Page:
Link Between Antidepressants and Type 2 Diabetes Discovered

antidepressantsA recently released study found that there is a link between antidepressant use and increased risk of developing Type 2 diabetes. Though researchers haven’t been able to put a definitive theory together as to what specifically causes the increase in risk, there are some medications that are more likely to increase risk than others, and a review of studies on the subject of type two diabetes and antidepressant use over the course of decades has shown that there may be several culprits. Individuals with type two diabetes require medication to manage their body’s insulin sensitivity, and many go on to need insulin as well. Many diabetic supply companies carry the most commonly needed items for both type one and type two diabetes patients, including glucose testing kits, Contour glucose test strips, and other diabetic accessories.

There are a few theories surrounding the study and the case review included within it; one of the primary ideas is that antidepressants have long been understood to impact blood sugar levels in the body. Researchers in the United Kingdom actually began their review of related literature because of their knowledge of the link between the two factors. In one study of about 166,000 people with depression, researchers looked at 2,200 who were later diagnosed with diabetes. They found people who had used moderate to high doses of antidepressants for over two years were 84 percent more likely to get diabetes than those who hadn’t used antidepressants recently. One of the precautions that has been suggested in light of this is that patients taking antidepressants should monitor their blood glucose levels on a fairly regular basis as part of the health screening process. Perhaps future care guidelines for doctors who prescribe antidepressants to patients will include advising them to purchase diabetes testing kits from a convenient diabetic supply company, particularly if they meet certain criteria.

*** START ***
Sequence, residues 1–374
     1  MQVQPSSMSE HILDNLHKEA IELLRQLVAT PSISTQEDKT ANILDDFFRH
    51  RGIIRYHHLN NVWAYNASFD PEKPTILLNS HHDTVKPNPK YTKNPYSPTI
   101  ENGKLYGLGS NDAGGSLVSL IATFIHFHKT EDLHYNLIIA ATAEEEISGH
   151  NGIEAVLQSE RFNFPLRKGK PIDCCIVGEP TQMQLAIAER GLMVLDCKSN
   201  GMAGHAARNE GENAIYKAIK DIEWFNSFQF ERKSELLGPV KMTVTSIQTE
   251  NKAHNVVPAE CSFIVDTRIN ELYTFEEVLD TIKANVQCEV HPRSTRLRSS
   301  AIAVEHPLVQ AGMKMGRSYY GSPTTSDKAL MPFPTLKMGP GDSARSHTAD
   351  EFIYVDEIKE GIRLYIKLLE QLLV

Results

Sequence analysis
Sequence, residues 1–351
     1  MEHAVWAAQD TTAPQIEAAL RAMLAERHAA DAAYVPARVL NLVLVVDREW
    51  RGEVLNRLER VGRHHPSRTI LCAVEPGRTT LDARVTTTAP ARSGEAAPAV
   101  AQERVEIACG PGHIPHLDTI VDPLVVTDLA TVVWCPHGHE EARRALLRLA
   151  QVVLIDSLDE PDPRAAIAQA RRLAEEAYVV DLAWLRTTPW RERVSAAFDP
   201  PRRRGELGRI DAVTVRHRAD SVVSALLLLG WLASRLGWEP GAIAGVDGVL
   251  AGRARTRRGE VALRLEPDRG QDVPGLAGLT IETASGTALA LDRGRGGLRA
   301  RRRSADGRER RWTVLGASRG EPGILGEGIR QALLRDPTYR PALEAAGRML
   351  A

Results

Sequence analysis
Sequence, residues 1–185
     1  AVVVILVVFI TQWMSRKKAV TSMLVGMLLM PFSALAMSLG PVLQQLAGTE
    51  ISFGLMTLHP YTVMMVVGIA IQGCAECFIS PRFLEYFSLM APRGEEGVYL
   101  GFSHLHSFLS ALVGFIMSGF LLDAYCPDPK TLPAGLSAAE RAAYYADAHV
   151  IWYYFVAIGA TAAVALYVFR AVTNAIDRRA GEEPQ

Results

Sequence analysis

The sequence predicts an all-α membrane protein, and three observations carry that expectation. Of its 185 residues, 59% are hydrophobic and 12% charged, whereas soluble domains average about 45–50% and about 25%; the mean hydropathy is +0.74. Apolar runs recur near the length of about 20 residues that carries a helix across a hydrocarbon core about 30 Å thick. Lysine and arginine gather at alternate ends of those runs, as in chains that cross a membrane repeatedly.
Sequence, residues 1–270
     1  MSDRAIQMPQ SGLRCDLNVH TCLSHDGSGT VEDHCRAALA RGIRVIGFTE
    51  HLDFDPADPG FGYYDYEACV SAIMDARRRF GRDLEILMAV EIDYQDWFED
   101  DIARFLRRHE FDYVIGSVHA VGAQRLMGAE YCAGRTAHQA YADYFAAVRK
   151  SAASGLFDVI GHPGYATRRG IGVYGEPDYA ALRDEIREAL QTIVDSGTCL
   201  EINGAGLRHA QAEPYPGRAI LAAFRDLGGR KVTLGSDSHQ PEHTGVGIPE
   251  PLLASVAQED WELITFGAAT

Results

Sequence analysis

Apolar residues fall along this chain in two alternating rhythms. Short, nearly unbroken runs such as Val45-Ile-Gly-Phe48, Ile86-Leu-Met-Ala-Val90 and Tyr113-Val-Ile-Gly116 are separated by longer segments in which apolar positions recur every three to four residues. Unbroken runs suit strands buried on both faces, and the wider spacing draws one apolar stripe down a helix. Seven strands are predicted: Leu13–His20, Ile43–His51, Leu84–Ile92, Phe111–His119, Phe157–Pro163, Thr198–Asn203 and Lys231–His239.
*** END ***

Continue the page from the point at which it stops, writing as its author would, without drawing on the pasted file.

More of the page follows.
Another possible cause for the link is the increased weight gain that is often associated with long-term antidepressant use. There is conclusive evidence that as body fat increases, the risk of developing type two diabetes also increases, particularly as patients become overweight or obese. It is also important to note that three past reviews on the topic found risks may vary by type of antidepressant. But results analyzed in those studies weren’t always consistent either. For now, as researchers continue to probe the newly confirmed connection, they recommend that doctors treating patients with antidepressants who are gaining weight should monitor their blood glucose levels and be on the alert for the possibility of diabetes as a result. If patients do develop type two diabetes, they should of course manage their condition the same as any patient with the disease, by purchasing medications and other diabetic accessories from diabetic supply companies. The research community has said that they will continue to develop new research opportunities in the attempt to better understand the link between the two conditions, as well as to see if this complication may mean that some medications are best avoided except in those patients for whom no other medications are effective.

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